Review: True West

While there are some real moments of brilliance in the latest Playhouse Theatre production, True West, from both leads Vincent Gale (Austin) and Brian Markinson (Lee), this tale of (extreme) sibling rivalry is also host to supporting roles that are caricatures which don’t ring true. 


And because this is such a play of/for actors, unless the players can sustain this brilliance for the full 90 minutes it is bound to come up short each and every time.  Fortunately for us the two leads manage, for the most part, to sustain the intensity necessary to carry us to the end.

House-sitting for his Mom while she is in Alaska, son Austin has escaped his wife and family to work on his first screenplay.  Visited by his petty criminal brother Lee, looking for a little larceny in his Mom’s suburbs, the two brothers’ animosity and jealousy towards each other soon boils over. 

Through what Austin sees as a con, Lee manages to convince movie producer Saul Kimmer (Alec Willows) that his idea for a “true-to-life Western” has merit over Austin’s story.  With Austin believing Lee has tricked Saul into backing his story, Lee is forced to try to write the screenplay without Austin’s assistance while Austin takes up Lee’s world of petty theft.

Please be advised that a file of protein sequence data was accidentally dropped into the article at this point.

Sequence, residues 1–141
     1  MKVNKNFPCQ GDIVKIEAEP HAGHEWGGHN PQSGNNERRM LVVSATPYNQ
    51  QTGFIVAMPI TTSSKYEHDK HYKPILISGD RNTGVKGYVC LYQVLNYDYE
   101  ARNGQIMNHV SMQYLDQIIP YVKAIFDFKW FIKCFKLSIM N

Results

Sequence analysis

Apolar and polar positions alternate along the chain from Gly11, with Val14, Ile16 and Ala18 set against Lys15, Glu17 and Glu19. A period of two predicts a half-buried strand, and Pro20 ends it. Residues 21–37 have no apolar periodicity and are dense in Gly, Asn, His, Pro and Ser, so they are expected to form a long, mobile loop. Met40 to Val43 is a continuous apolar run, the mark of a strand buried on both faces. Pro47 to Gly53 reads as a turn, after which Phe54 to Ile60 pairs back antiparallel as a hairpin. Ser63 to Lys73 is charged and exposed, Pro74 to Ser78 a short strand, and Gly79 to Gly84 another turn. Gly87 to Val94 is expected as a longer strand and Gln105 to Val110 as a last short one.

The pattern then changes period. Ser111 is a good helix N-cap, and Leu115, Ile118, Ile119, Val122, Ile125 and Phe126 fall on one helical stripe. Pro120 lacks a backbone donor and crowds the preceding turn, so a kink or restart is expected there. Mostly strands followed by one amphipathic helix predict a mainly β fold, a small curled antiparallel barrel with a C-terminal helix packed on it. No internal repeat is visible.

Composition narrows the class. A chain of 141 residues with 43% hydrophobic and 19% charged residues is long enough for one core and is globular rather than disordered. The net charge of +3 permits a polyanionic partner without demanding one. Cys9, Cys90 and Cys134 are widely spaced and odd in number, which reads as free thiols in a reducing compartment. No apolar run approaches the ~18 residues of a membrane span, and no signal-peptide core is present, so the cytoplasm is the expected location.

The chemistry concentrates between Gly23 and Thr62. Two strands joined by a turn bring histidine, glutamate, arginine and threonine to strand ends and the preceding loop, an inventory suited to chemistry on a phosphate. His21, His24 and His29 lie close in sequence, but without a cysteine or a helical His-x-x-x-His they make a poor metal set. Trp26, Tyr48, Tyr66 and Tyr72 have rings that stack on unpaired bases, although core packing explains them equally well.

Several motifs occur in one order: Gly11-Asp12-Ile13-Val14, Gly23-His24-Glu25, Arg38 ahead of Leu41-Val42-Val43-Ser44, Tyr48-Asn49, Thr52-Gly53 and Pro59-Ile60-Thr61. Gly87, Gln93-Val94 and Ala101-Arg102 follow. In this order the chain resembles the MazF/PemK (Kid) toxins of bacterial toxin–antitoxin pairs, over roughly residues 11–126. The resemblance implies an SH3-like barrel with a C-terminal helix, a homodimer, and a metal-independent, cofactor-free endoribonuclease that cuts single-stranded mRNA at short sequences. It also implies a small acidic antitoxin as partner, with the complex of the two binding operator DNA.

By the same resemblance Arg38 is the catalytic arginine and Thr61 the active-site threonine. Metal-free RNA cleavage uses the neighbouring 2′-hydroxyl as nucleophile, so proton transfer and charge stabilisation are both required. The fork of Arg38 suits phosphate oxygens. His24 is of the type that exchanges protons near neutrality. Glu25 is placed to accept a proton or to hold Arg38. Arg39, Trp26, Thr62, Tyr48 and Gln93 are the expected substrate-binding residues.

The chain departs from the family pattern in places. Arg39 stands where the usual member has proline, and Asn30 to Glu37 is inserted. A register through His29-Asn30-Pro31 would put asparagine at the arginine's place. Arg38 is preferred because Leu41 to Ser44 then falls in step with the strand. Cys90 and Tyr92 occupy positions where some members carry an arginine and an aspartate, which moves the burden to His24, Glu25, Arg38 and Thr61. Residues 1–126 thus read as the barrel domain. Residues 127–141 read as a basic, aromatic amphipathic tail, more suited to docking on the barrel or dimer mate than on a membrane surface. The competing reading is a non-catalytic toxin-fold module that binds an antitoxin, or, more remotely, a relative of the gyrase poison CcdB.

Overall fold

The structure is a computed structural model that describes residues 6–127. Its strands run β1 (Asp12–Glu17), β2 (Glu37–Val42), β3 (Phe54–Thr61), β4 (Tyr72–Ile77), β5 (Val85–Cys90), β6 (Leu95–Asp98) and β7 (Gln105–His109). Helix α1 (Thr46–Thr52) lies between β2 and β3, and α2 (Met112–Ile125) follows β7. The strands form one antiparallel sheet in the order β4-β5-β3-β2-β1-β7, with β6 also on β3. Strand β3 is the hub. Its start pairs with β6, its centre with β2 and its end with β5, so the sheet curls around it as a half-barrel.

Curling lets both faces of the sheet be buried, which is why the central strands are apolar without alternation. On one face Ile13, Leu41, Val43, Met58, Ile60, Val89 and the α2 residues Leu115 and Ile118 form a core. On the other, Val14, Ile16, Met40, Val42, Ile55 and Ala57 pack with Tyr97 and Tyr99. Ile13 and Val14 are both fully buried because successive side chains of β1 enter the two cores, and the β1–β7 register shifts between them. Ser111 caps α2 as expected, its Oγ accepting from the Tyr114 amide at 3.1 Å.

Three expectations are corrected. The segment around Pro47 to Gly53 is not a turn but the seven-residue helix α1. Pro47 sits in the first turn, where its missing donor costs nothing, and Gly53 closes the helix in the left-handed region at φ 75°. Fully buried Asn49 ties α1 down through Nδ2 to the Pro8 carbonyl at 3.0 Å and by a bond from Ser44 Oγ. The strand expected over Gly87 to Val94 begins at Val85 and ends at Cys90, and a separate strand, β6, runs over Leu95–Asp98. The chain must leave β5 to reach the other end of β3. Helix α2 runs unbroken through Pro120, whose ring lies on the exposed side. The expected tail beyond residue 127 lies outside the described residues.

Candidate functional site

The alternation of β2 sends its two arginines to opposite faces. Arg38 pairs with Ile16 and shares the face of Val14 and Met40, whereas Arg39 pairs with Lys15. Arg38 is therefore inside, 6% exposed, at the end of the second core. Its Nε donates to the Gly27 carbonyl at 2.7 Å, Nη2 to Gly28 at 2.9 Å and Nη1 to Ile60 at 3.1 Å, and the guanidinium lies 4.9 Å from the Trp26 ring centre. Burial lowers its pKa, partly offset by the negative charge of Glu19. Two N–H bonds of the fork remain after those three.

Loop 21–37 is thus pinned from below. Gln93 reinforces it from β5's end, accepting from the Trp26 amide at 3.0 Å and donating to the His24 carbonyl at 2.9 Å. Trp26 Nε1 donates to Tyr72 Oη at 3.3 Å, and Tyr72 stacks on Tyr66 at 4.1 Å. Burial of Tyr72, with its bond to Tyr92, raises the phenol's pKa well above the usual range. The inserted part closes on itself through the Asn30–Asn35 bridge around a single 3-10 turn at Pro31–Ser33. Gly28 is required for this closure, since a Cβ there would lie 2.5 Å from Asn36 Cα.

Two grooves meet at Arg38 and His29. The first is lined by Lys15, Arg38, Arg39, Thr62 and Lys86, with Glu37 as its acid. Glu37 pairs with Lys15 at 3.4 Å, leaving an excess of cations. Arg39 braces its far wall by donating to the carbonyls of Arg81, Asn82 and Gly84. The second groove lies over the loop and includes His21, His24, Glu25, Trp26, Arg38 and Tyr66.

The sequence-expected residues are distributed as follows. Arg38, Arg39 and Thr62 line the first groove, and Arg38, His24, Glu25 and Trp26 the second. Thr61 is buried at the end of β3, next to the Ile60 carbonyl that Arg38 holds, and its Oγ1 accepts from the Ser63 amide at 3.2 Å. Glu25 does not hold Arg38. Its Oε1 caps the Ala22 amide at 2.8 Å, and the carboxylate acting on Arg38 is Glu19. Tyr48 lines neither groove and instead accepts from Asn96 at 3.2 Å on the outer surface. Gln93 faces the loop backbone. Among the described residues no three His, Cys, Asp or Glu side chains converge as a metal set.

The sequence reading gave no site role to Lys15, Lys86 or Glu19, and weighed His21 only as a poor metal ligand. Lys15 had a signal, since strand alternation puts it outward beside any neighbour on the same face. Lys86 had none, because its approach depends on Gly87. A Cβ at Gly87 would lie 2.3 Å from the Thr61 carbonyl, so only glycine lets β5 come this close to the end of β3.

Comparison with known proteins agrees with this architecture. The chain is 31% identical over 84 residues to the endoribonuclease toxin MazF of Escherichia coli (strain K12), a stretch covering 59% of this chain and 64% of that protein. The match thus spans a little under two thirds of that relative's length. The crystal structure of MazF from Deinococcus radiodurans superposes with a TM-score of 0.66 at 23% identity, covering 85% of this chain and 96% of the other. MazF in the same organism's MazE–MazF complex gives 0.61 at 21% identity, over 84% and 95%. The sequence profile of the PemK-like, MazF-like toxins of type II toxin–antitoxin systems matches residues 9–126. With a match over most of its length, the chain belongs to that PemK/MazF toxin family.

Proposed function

It is at this point, where the two brothers essentially switch lives, where the show really takes off.  Playwright Sam Shepard described the play himself as a battle between the two sides in all of us and it is when the brothers begin to walk in each other’s shoes that this idea comes into full view for the audience.

By the end of the play, the two brothers have consumed enough alcohol that would have put any real man in hospital, have almost killed each other and have ruined their Mom’s home including the plants she missed so much that she returned early from her vacation.

Vincent Gale and Brian Markinson in True West

 

While the play would probably be considered a two-man show, it is appearance of the ancillary characters (the movie producer and the Mom)  that are a little off-putting and one has to wonder why Shepard even bothered having them actually making an appearance.  Fortunately though these appearances are short and we can get back the real action between Lee and Austin.

On a side note, True West marks the final production for outgoing Artistic Director, Glynis Leyshon.  Leyshon bid a tearful goodbye to the opening night audience and received a well-deserved standing ovation (at last, a standing ovation that is deserved) for her eleven years as the artistic guide to the Playhouse.  Leyshon has taken some heat over the years for her choices but one cannot fault her for her passion and love of theatre in all its forms.  She will be missed.

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